Andy Crouch unleashes a stirring manifesto calling Christians to be culture makers. For too long, Christians have had an insufficient view of culture and have waged misguided "culture wars." But we must reclaim the cultural mandate to be the creative cultivators that God designed us to be. Culture is what we make of the world, both in creating cultural artifacts as well as in making sense of the world around us. By making chairs and omelets, languages and laws, we participate in the good work of culture making.
Crouch unpacks the complexities of how culture works and gives us tools for cultivating and creating culture. He navigates the dynamics of cultural change and probes the role and efficacy of our various cultural gestures and postures. Keen biblical exposition demonstrates that creating culture is central to the whole scriptural narrative, the ministry of Jesus and the call to the church. He guards against naive assumptions about "changing the world," but points us to hopeful examples from church history and contemporary society of how culture is made and shaped. Ultimately, our culture making is done in partnership with God's own making and transforming of culture.
©2008 Andy Crouch (P)2010 christianaudio.com
Book blogger at Bookwi.se
This is a book that I honestly think most Christian need to read.
Much of the Evangelical project of the last 50+ years has been about calling the world to God. And while I think the Evangelical church has been rightly moving toward a better sense of engagement with culture, I think that most Christians still think about culture too simplistically. Culture Making is a serious look at how culture impacts faith, how we as Christians can impact culture and the value of focusing efforts toward creation, not just in the church but for the whole world.
In many ways this book is about recoving a sense of vocation (although it does not use that term much.) For Crouch, we all have a role in culture and therefore our roles as Christians are to act as Christians in culture by using our God given talents. But what I like is that Crouch does not just say, "go and do." He really examens the fact that none of us as individuals really have the ability to either predict where culture is going, how our creativity will be recieved or to actually make a long term change in culure. Even those at the highest levels of power have very limited effects on culture.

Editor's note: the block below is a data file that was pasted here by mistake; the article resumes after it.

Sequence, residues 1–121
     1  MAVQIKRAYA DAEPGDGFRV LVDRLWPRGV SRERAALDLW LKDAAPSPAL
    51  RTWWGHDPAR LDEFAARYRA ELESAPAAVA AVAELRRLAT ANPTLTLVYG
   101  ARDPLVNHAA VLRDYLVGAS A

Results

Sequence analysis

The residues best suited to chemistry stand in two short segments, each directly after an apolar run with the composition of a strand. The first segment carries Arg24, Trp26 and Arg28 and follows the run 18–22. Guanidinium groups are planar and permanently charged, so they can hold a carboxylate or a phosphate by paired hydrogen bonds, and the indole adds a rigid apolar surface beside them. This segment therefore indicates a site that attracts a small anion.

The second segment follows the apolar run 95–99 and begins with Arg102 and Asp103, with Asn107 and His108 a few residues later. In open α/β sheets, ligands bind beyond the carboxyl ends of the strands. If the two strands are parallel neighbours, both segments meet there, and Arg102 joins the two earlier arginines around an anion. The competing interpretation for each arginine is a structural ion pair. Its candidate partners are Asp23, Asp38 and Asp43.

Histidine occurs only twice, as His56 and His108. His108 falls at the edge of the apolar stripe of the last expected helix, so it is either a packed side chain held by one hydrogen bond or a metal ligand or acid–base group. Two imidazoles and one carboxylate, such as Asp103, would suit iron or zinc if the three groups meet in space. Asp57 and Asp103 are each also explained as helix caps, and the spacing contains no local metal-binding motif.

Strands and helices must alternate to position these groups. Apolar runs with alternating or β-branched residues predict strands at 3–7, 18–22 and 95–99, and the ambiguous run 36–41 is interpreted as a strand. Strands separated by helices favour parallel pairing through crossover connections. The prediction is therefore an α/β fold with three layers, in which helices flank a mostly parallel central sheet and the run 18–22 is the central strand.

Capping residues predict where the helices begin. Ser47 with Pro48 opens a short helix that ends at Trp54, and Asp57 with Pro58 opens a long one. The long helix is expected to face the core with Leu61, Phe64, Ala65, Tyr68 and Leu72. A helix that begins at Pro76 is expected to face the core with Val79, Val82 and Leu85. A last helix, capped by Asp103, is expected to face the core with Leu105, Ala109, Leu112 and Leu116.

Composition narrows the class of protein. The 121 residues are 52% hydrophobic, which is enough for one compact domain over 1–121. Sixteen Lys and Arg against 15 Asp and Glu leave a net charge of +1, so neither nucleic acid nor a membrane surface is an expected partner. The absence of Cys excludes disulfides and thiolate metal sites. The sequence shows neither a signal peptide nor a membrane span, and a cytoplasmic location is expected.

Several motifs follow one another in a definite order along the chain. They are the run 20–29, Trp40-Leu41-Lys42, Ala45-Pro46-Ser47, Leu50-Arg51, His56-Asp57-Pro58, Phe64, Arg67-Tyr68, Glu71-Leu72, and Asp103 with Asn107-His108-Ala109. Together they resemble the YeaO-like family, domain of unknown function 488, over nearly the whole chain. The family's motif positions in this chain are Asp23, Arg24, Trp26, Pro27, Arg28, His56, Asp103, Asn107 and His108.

The call to be culture makers is not without its dangers. Crouch notes "If our excitement about changing the world leads us to the grand illusion that we stand somehow outside the world, knowing what's best for it...we have not yet come to the reality that the world has changed us far more than we will ever change it. Beware of world changers, they have not yet learned the reality of sin." Crouch is not calling for utopiean visions, or political take overs. He is calling for great and small works that nudge culture to God. The utopiean visions will always be corrupted. That is part of the reality of sin and power.
In spite of the warnings and caveats, in the end I was inspired like few other books I have read recently.
Amazing book! I was left inspired and open to a new world of possibilities. I loved how he tied biblical teachings and our responsibility as cultivators and creators of culture.
Yes, I have listened to it multiple times already
Too many to names - it was inspiring
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